President Fernández’s war on corruption is beginning to have a trickle-down effect in opposition political circles as well. In the wake of the formation of the National Commission, the Social Christian Reformist Party (PRSC) reviewed its statutes to include a bill calling for the immediate expulsion of any member found to have ties with drug trafficking, money laundering and other related criminal activities.

Earlier this year there were allegations that several legislators had been involved in a case of smuggling, in which more than 640 cars were brought into the country illegally – without payment of nearly £10m in import duties. Finance minister Vicente Bengoa strongly denied any government implication in the fraud.

The private sector cannot be exonerated from the corruption culture. Microsoft reports that software piracy in the Dominican Republic was running at 76% among the US multinational’s corporate clients, although this represents a decline from a staggering 95% in 1998.

Despite the government’s determination to stamp out corruption, the arrest of more than 50 members of the armed forces in the first quarter of 2005 illustrates a problem that is deeply ingrained in many strata of Dominican society.

The soldiers involved were brought up on a number of offences, mainly to do with corruption, smuggling, robbery and involvement in the cocaine trade. Late last year the government’s drug control agency seized 1387kg of cocaine linked to a shipment arranged by a former army captain. This is arguably the most dangerous form of corruption for a volatile country trying to rebuild its shattered economy, since it could provoke extremist elements within the armed forces to hold the government to ransom with threats of a military takeover.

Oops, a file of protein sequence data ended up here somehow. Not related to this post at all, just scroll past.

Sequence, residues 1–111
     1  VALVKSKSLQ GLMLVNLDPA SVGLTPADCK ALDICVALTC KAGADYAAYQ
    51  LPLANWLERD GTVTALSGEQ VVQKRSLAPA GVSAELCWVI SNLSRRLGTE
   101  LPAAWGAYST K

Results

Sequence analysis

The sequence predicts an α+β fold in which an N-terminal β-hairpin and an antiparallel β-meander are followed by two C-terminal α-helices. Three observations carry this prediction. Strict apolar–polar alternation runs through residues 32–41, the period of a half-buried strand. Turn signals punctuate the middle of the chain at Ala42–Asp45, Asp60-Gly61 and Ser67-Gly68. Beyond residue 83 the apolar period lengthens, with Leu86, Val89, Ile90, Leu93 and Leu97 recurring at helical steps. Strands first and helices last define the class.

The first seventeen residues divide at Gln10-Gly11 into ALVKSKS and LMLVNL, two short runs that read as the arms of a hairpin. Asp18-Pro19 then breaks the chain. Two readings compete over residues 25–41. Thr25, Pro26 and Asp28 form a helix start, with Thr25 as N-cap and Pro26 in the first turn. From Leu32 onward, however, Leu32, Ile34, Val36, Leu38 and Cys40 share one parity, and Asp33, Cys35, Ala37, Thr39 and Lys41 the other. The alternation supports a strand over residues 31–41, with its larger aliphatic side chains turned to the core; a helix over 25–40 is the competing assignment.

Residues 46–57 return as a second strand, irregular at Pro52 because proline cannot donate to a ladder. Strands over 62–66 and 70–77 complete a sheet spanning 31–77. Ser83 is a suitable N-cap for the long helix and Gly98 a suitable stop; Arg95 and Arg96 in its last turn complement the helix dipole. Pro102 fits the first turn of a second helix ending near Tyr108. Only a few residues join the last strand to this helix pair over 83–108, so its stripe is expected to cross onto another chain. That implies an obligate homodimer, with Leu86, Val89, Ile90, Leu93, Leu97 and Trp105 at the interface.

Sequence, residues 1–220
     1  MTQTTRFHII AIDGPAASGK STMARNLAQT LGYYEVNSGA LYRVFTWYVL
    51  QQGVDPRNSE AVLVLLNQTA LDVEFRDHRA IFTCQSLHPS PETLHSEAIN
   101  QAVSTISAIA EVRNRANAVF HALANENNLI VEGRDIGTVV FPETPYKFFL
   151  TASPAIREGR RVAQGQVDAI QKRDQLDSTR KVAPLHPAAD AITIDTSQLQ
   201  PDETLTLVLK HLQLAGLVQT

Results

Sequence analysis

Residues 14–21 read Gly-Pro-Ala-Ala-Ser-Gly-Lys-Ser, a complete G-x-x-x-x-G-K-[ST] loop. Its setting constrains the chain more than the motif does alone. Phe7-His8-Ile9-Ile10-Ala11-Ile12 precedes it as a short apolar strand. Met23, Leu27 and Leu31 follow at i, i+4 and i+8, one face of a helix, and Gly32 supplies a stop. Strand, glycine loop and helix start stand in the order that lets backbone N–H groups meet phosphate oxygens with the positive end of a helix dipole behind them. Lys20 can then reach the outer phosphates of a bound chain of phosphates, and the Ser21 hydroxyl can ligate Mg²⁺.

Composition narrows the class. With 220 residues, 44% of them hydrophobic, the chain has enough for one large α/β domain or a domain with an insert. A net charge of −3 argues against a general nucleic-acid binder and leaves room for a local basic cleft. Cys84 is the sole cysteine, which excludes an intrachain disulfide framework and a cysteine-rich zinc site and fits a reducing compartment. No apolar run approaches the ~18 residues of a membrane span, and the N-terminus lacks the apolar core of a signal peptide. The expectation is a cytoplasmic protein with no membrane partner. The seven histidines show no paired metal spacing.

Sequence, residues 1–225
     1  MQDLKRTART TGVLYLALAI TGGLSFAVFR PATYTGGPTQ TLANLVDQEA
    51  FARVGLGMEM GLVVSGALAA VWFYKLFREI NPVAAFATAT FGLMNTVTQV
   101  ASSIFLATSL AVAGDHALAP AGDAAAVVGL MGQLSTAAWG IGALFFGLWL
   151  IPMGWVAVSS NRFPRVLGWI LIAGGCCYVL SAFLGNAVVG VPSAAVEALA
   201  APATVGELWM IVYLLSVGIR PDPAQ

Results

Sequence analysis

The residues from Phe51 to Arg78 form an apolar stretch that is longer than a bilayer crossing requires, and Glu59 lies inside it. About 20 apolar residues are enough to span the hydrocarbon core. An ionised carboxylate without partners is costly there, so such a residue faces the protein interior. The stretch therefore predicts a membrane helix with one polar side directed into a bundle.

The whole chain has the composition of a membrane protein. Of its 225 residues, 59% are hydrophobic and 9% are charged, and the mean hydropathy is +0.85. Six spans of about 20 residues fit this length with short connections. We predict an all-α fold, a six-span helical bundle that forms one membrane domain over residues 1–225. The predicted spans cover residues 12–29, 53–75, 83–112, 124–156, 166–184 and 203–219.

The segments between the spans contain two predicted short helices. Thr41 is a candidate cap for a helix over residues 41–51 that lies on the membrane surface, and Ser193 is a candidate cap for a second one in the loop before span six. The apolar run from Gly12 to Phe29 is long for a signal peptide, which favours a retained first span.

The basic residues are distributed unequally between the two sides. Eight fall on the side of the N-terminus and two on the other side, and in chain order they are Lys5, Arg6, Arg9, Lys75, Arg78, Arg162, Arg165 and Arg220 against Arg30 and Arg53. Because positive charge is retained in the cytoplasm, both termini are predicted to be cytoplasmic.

Drag on economy

Corruption is not only a demoralising factor in social terms. Having to bribe officials to obtain permits and deal with a top-heavy and highly inefficient bureaucracy is a major obstacle to economic progress. According to a report by USAID, “Overall lack of transparency and confidence in public sector institutions, high levels of corruption, lack of respect for the rule of law, and high transaction costs limit the economy’s competitiveness. The Dominican Republic is being carefully monitored for human rights violations and trafficking in persons.”

The US agency says that law enforcement issues have been very important on the bilateral agenda in recent years. “Our two governments co-operate closely in the fight against narcotics trafficking,” the report says. “The Dominican Republic serves as a major transit country for cocaine. Interdiction of this flow has been hampered by a lack of training and funding for security forces, as well as corruption.”

The key question is whether President Fernández and his team can achieve crucial reforms of the judicial system and weed out corrupt and criminal elements quickly enough to convince foreign investors that the Dominican Republic has indeed turned over a new leaf.